Meanwhile, Putin is trying to portray to the international community that Russia isn't the oligarchy it is frequently accused of being. Granting TV access to the opposition candidates might be Putin's strategy to show that Russia is a democracy that allows for opposition voices and grants them freedom of speech.

And perhaps the Kremlin is willing to grant this kind of freedom because he does not believe any of the opposition candidates are serious opponents at the polls. But it would be wrong to make such an assumption. Putin may very well win in March, but with a sluggish economy, rampant unemployment and a growing sense of frustration with politics as usual, the future does not look nearly as rosy as the Kremlin would like to delude itself into thinking.

Indiana Coronavirus Cases

Data is updated nightly.

Cases: 725353

Reported Deaths: 13373
CountyCasesDeaths
Marion990831737
Lake53265963
Allen40302675
Hamilton35392408
St. Joseph35350550
Elkhart28304438
Tippecanoe22315217
Vanderburgh22252396
Porter18596306
Johnson17856376
Hendricks17121313
Clark12908191
Madison12549339
Vigo12400244
Monroe11827168
LaPorte11736210
Delaware10595185
Howard9837215
Kosciusko9358117
Hancock8225140
Bartholomew8038155
Warrick7761155
Floyd7636177
Wayne7007199
Grant7003174
Boone6660101
Morgan6543139
Dubois6143117
Marshall5973111
Dearborn577977
Cass5777105
Henry5675102
Noble556583
Jackson500172
Shelby488596
Lawrence4482120
Gibson434191
Harrison433071
Clinton426653
DeKalb424184
Montgomery423188
Whitley393739
Huntington386980
Steuben381857
Miami379766
Knox371190
Jasper362147
Putnam358260
Wabash352578
Adams340554
Ripley338670
Jefferson328881
White312554
Daviess295499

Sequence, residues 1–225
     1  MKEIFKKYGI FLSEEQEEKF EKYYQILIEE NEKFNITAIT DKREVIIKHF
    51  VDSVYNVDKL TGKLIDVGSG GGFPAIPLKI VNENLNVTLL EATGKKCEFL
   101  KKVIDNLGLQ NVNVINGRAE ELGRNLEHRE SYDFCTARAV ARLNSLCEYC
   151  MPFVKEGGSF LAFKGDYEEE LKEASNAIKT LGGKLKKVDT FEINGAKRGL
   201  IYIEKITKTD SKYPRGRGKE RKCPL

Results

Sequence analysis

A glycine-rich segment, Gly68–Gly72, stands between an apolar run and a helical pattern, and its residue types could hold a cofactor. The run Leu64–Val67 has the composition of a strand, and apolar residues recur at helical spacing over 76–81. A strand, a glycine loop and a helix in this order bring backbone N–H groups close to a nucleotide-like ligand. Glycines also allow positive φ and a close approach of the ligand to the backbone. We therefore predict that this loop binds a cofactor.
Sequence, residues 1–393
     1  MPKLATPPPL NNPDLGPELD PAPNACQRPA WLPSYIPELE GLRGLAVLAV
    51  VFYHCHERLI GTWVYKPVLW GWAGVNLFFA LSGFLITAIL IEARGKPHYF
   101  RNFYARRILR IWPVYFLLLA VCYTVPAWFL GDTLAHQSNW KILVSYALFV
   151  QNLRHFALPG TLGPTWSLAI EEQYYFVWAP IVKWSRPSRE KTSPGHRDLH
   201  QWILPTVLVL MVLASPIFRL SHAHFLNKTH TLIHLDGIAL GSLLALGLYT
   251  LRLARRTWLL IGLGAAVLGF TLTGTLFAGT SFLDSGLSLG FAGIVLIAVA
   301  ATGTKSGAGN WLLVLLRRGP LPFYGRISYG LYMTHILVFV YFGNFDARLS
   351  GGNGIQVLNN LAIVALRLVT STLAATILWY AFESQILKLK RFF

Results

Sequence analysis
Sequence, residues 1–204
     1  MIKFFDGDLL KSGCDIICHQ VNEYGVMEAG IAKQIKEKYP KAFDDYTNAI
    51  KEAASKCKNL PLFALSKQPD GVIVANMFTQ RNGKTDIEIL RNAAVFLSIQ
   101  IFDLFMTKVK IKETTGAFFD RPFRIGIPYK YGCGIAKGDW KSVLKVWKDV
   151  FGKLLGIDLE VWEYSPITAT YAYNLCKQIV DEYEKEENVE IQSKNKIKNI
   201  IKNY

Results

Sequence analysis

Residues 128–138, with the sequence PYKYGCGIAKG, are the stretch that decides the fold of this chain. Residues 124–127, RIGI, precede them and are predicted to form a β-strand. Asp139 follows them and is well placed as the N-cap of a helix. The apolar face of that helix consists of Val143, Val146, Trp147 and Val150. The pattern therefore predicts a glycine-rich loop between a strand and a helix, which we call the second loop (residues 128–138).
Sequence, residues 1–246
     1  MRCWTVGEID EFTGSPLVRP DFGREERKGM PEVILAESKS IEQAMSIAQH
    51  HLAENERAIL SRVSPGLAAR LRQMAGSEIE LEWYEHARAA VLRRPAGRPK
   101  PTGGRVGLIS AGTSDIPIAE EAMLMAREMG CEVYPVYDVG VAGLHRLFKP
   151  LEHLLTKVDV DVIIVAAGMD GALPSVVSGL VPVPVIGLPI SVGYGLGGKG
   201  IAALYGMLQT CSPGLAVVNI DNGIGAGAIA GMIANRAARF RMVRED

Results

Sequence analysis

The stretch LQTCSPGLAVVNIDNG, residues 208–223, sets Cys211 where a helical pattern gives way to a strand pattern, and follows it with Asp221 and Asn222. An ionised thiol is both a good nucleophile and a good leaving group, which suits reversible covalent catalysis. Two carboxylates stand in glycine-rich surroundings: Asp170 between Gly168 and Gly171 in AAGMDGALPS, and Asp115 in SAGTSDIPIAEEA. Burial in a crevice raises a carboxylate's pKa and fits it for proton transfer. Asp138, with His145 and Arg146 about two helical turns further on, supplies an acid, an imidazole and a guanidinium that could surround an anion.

Wells290481
Decatur283392
Fayette278462
Greene276285
Posey270733
Scott264553
LaGrange264270
Clay258645
Randolph239781
Washington239332
Spencer230831
Jennings229048
Starke213852
Fountain211846
Sullivan210942
Owen196356
Fulton194240
Jay190930
Carroll187820
Perry182537
Orange182154
Rush172725
Vermillion167843
Franklin167235
Tipton161945
Parke145616
Blackford134332
Pike132834
Pulaski116045
Newton107034
Brown101441
Crawford99114
Benton98114
Martin87515
Warren80915
Switzerland7828
Union70610
Ohio56211
Unassigned0413

Ohio Coronavirus Cases

Data is updated nightly.

Cases: 1078734

Reported Deaths: 19344
CountyCasesDeaths
Franklin1253471392
Cuyahoga1113202107
Hamilton797471200
Montgomery512091012
Summit46916933
Lucas41890782
Butler38250580
Stark32150907
Lorain24874480
Warren24236297
Mahoning21439586
Lake20548368
Clermont19719238
Delaware18478131
Licking16384210
Fairfield16116199
Trumbull15974466
Medina15213262
Greene15013244
Clark13942297
Wood13038188
Portage12792201
Allen11590231
Richland11300198
Miami10656215
Muskingum8787132
Wayne8760210
Columbiana8743229
Pickaway8540121
Marion8502135
Tuscarawas8461243
Erie7840154
Hancock6884126
Ross6830152
Ashtabula6765169
Geauga6664148
Scioto6393101
Belmont5837167
Union569647
Lawrence5542102
Jefferson5487151
Huron5419119
Darke5342122
Sandusky5322120
Seneca5258121
Athens518158
Washington5138109
Auglaize487884
Mercer479785
Shelby467693
Knox4477110
Madison435061
Putnam4263100
Ashland420989
Fulton420469
Defiance417797
Crawford3960106
Brown392457
Logan380976
Preble378498
Clinton369961
Ottawa366179
Highland353161
Williams337275
Champaign329658
Guernsey315353
Jackson311851
Perry294550
Morrow283739
Fayette281049
Hardin270164
Henry267966
Coshocton263958
Holmes2591101
Van Wert242663
Pike237333
Adams236552
Gallia235048
Wyandot230654
Hocking214862
Carroll191047
Paulding171740
Meigs144339
Noble133437
Monroe131242
Morgan108323
Harrison107437
Vinton82115
Unassigned02
Fort Wayne
Partly Cloudy
46° wxIcon
Hi: 58° Lo: 38°
Feels Like: 46°
Angola
Mostly Cloudy
50° wxIcon
Hi: 53° Lo: 38°
Feels Like: 50°
Huntington
Cloudy
45° wxIcon
Hi: 58° Lo: 36°
Feels Like: 45°
Decatur
Partly Cloudy
46° wxIcon
Hi: 61° Lo: 38°
Feels Like: 46°
Van Wert
Partly Cloudy
47° wxIcon
Hi: 61° Lo: 39°
Feels Like: 44°
Shower and thunderstorm chances increase Thursday afternoon.
WFFT Radar
WFFT Temperatures
WFFT National

Community Events